To the casual observer, Target Corporation (TGT) stock seems like a pretty ho-hum investment, one that’s not bound to stand out in one way or another anytime soon. But the stock market can be deceptive, and great deals often appear right under our noses.
Amazon.com (AMZN) is the unrivaled king of e-commerce, and its lead continues to widen year after year. Unlike other traditional U.S. retailers, it’s also competing in high-tech, high-margin industries unrelated to retail, like cloud computing. With Walmart (WMT) the largest retailer by revenue, what exactly does TGT stock offer?
The answer? Value. Great value and impressive execution.
TGT Earnings: Guidance Is MVP
Target’s fourth-quarter results actually weren’t exemplary. In fact, the company missed — barely — on both earnings per share and revenue.
Adjusted EPS came in at $1.52, missing the $1.54 per share that analysts expected. Revenue clocked in at $21.63 billion, down 0.6% year-over-year, missing the $21.75 billion Wall Street was looking for.
So how come Target stock is such a steal if earnings are ho-hum and revenue is falling?
Well, revenue took a big hit when Target sold its pharmacy and clinic business to CVS (CVS) in mid-December, which the company says dented revenue to the tune of $550 million. Since Target’s fiscal fourth quarter ends at the close of January, TGT went half a quarter without the benefit of its pharmacy biz.
Plus, there were some genuine bright spots in the report, most notably when it came to forward guidance. While we all love to see a good earnings beat, guidance is oftentimes far more influential in determining how a stock will perform. After all, investing is basically about predicting the future.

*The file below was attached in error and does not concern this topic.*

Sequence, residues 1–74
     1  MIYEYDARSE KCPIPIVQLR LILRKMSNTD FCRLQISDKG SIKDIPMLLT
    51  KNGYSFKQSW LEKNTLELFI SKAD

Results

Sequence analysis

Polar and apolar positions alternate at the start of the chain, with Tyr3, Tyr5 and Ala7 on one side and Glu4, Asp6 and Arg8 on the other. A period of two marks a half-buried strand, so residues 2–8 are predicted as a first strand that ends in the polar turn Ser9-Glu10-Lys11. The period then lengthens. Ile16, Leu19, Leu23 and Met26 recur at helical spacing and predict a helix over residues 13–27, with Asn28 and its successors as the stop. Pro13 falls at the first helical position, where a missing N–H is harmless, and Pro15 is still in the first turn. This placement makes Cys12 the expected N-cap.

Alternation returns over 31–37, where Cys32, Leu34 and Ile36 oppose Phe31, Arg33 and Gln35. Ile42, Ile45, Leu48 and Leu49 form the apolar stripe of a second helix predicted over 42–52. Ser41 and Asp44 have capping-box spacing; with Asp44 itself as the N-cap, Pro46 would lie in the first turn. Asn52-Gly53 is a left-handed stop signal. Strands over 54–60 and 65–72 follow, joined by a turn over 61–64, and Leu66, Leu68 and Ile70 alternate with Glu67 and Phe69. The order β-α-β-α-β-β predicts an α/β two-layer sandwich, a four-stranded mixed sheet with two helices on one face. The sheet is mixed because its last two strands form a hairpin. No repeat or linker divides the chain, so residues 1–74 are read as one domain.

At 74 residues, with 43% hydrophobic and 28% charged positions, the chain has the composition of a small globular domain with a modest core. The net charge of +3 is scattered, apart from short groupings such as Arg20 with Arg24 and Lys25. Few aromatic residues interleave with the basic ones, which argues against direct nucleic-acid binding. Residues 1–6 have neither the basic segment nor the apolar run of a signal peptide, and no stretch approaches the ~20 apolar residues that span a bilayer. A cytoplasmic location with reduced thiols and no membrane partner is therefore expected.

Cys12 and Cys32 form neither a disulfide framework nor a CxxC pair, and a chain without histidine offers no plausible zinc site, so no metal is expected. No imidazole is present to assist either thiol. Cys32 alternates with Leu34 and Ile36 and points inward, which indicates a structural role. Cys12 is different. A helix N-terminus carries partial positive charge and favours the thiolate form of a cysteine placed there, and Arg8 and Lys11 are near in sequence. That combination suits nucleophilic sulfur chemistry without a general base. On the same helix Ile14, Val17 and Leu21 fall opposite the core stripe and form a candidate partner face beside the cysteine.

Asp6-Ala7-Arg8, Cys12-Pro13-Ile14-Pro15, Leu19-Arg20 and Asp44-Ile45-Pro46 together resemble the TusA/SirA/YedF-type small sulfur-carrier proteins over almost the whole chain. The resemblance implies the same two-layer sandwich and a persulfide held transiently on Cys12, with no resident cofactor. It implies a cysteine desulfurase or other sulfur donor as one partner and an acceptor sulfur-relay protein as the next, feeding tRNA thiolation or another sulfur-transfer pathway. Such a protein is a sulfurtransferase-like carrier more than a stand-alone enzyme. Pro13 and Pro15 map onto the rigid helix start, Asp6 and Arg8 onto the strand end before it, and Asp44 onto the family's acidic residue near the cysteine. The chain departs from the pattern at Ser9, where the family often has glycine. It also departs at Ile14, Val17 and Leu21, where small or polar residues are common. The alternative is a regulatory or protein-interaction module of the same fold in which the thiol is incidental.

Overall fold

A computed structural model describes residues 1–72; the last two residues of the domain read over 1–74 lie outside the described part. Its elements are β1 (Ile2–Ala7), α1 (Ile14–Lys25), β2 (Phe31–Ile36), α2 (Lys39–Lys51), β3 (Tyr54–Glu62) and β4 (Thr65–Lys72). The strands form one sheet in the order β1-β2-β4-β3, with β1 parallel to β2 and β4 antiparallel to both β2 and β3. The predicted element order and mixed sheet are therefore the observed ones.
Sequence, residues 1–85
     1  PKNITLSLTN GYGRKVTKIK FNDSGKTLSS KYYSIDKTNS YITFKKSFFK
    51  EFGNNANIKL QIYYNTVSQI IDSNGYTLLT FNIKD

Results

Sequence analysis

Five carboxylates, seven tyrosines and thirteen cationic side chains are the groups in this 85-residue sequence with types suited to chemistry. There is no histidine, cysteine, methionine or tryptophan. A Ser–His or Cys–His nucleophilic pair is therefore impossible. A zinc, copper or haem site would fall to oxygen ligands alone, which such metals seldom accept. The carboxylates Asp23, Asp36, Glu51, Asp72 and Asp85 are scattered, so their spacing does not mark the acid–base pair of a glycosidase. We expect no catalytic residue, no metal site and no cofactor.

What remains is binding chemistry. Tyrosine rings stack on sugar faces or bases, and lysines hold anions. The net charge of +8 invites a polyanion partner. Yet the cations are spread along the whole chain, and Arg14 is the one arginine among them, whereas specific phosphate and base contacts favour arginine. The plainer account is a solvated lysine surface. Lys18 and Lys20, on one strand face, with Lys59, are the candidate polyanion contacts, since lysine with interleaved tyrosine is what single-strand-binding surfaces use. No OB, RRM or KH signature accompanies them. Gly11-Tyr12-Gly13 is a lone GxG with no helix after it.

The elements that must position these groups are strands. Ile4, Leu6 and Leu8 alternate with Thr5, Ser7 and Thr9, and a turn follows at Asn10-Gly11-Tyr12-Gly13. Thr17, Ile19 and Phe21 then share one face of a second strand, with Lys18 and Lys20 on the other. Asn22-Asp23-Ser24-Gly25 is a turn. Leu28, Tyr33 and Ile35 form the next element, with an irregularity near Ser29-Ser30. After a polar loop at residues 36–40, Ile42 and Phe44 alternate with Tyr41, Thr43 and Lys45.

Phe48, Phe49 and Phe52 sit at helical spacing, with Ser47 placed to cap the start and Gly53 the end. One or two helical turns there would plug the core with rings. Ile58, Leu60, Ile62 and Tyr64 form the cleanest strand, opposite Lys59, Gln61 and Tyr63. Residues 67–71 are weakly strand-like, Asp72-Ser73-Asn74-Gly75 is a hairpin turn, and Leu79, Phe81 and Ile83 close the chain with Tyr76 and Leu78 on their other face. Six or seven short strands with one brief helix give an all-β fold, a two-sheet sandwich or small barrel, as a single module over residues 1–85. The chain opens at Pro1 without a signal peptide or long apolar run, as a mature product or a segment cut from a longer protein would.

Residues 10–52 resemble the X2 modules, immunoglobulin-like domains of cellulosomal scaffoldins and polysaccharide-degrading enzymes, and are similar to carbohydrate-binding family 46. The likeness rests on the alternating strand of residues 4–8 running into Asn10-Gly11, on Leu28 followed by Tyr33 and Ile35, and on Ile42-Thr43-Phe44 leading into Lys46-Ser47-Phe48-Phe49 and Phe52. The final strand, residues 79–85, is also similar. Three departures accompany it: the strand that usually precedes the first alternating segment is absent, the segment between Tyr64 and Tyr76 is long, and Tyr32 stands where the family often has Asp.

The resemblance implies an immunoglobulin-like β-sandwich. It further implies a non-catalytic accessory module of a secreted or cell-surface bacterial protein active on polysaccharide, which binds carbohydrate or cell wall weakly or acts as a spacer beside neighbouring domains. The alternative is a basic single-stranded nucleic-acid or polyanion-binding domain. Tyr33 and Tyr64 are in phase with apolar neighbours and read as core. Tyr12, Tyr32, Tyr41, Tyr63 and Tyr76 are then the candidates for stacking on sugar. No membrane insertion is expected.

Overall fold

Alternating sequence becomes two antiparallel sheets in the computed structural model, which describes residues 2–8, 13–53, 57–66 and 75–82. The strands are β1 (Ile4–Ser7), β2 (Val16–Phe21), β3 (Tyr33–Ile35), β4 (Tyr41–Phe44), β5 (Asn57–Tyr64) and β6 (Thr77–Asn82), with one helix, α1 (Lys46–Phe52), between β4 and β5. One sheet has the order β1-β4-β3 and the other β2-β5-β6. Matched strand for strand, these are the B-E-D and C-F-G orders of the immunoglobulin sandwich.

Management expects TGT stock to earn between $1.15 and $1.25 per share in the first quarter of fiscal 2016; the midpoint of $1.20 is a penny better than the $1.19 Wall Street had been expecting. Target also guided for full-year EPS between $5.20 and $5.40, way higher than the $5.16 consensus figure.
Importantly, Target’s same-store sales increased by 1.9%, mostly driven by traffic growth of 1.3%. Again, no one’s under the illusion Target is some high-growth retail phenom, but this is great when viewed in conjunction with Walmart’s recent results — U.S. same-store sales increased just 0.6% there.
Driving results were strong performances in a few core categories that TGT has chosen to focus on: Style, Baby, Kids and Wellness. They grew at three times the rate of the company as a whole.
Bottom Line on Target Stock
Finally, and perhaps most importantly for the long term: Target’s online sales soared, jumping 34% year-over-year. This is amazing for a company of Target’s size — indeed, these are Amazon-esque numbers.
In fact, they’re better than Amazon, which grew sales at “only” 28% in the most recent quarter. Walmart’s digital sales, by comparison, were up just 8%. Womp-womp!
In my Target earnings preview, I noted that while Target stock looked like a good value for the long term, it was an uncertain play just before earnings. That idea still seems to hold water today — is anyone really getting rich off a 2% pop? — but I’m much more confident in shares after Wednesday’s report.
Now, with brighter guidance, online sales booming and a still-cheap valuation, TGT looks like a far more compelling buy than it has in a long time.
As of this writing, John Divine was long AMZN. You can follow him on Twitter at @divinebizkid or email him at email@example.com.
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